The Jardinière signed and dated 'P.Heron/48' (lower left) oil on canvas 76 x 63.5 cm. (30 x 25 in.)
PROVENANCE: With The Redfern Gallery, London, 4 December 1948 With the Toulmin family Thence by descent
EXHIBITED: Wakefield, Wakefield City Art Gallery, Retrospective Exhibition of Paintings and Drawings by Patrick Heron, 5 April - 3 May 1952, no.38: this exhibition travelled to Leeds, Leeds University (10 May - 24 May), Halifax, Bankfield Museum (31 May - 28 June), Scarborough, Scarborough Art Gallery (19 July - 10 August), Hull, The Ferens Art Gallery (30 Aug - 21 September)
LITERATURE: Vivien Knight (Ed.), Patrick Heron, Lund Humphries, London, 1988, no.7 (ill.b&w)
To be sold along with a copy of the Wakefield City Art Gallery catalogue.
Painted in 1948, The Jardinière was executed at a formative point in Heron's career. Having absorbed for some years the lessons of the French masters, The Jardinière shows Heron maturing as an artist and was painted at a time when his visual language was becoming distinctly his own.
Before the Second World War, Heron had been introduced to Cezanne, Braque and Picasso. Their preoccupation with space was a concern Heron shared and could relate to. From a young age Heron had designed fabrics for his father's company, Cresta Silks, along with other artists such as Paul Nash and Edward McKnight Kauffer. He was naturally dispossessed to be sympathetic to decorative and formal values of painting. On an art history trip to the National Gallery as a teenager he discovered Cezanne and from that point on 'unflaggingly rhythmic design' became of key importance to the young artist (quoted in Michael McNay, Patrick Heron, Tate Publishing, London, 2002, p.16).
However it was an encounter with a work by Matisse that was to have the most profound effect on the artist. Having spent some time tucked away in a dingy Soho nightclub, in 1943 The Redfern Gallery displayed Matisse's The Red Studio (Museum of Modern Art, New York) to the public. Heron visited it and often 'to absorb, in every detail, the revelations of this great masterpiece' (Mel Gooding, Patrick Heron, Phaidon, London, 1994, p.56). The colour of the canvas was quite extraordinary and unlike anything else in English painting at the time. It is interesting to note the dominant red of the palette is picked up in the present work in the flooring as seen through the jardinière. As a result of his experience of The Red Studio, Heron became fascinated and drawn to the works of other Fauves, he wrote a book on Vlaminck in 1947 and visited the Rouault exhibition at the Tate Gallery held in 1946. The brilliant light that Heron exerienced on a trip to Provence in 1948, whilst staying at the family home of Francis Davison, encouraged Heron to finally experiement with Fauvist colour and the heightened tones of the palette of The Jardinière, with its brilliant lemon yellow, flourescent orange, blood red and zesty green would suggest it was highly influenced by this visit.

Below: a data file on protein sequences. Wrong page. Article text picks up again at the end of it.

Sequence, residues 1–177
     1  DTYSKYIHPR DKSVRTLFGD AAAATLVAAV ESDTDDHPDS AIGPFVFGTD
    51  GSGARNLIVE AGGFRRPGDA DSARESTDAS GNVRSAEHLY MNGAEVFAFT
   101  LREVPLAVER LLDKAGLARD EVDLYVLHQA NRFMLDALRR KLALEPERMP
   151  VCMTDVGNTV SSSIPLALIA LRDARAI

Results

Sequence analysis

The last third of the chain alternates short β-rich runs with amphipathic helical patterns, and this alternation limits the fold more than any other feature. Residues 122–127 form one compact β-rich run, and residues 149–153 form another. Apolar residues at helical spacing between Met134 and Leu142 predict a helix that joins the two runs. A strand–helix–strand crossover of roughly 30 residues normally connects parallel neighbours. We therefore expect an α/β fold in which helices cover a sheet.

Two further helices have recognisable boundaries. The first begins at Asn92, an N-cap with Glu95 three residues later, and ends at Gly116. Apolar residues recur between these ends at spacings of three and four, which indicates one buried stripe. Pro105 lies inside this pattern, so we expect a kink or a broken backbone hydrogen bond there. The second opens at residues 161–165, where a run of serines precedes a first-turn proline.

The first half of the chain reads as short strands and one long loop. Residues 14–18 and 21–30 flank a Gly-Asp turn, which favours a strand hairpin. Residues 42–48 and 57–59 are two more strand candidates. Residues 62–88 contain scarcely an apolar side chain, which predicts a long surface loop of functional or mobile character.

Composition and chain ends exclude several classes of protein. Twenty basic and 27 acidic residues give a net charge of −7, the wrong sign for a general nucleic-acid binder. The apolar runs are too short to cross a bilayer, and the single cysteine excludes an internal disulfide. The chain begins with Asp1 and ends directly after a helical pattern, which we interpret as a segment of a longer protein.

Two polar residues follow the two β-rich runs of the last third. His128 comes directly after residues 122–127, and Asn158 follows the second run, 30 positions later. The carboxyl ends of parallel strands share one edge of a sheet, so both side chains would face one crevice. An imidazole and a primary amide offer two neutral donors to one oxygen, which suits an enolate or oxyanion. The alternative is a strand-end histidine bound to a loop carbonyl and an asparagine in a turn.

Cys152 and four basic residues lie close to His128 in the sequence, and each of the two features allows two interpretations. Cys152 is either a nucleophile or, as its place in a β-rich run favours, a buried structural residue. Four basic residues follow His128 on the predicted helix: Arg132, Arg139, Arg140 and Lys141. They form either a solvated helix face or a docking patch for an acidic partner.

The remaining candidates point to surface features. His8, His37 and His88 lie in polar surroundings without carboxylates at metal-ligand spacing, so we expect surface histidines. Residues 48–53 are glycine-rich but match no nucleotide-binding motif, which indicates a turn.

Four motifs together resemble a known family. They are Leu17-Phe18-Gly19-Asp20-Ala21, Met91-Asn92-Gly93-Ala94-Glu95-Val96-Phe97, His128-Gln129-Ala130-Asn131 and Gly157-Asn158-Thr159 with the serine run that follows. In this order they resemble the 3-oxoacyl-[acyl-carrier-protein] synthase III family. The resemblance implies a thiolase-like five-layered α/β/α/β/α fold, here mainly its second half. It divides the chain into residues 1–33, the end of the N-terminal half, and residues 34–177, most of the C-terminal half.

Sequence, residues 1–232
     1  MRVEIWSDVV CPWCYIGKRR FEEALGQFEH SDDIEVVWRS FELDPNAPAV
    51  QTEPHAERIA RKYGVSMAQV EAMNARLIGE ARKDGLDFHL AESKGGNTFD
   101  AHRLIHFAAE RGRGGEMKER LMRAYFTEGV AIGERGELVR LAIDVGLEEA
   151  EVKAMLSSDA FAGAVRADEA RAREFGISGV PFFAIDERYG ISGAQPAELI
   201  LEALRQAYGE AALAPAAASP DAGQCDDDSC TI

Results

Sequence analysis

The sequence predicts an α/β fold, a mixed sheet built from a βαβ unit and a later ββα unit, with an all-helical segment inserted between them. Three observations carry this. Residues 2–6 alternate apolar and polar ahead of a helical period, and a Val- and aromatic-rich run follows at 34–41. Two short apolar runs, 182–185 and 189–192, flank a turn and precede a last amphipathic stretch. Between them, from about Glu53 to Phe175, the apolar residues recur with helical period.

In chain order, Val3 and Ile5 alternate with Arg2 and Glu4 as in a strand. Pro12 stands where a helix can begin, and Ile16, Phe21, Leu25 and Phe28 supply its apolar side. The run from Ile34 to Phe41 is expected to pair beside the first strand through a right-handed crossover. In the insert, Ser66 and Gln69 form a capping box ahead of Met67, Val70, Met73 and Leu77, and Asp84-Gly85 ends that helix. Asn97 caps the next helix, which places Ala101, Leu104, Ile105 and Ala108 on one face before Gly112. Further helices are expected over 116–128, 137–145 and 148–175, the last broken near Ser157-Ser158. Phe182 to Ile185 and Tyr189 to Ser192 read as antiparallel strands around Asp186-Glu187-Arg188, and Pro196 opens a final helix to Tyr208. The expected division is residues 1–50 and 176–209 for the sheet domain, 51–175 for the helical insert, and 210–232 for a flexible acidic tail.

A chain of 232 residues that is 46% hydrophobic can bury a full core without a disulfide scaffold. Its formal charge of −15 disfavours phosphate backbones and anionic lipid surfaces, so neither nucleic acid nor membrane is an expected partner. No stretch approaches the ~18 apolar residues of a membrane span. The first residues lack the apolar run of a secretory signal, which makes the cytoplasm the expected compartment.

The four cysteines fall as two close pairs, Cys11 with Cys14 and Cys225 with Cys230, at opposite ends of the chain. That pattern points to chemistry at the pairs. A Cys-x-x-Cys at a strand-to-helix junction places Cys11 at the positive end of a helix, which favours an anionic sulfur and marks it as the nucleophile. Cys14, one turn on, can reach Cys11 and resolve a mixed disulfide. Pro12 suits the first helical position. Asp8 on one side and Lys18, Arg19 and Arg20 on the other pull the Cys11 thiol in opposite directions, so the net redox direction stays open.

Colour was to remain Heron's primary concern throughout the rest of his career. However the lessons learnt from synthetic cubism, the shallow space and multiple viewpoints, are still evident in The Jardinière. In 1955 Heron wrote: 'As in the music of Bach, the grandeur of spirit of a great painter is transmitted directly out of the vibrant heart of the formal complex of abstract forms. It is precisely in the abstract harmony of colour and form that the profoundest human thought and feeling finds direct expression. And this is true whether the work be abstract-figurative or non-figurative' (Mel Gooding, Patrick Heron, Phaidon, London, 1994, p.56).
In The Jardinière the successful fusion of Heron's concern with space and colour create a vibrant, joyful picture, expressing 'the grandeur of spirit of a great painter' already in the making.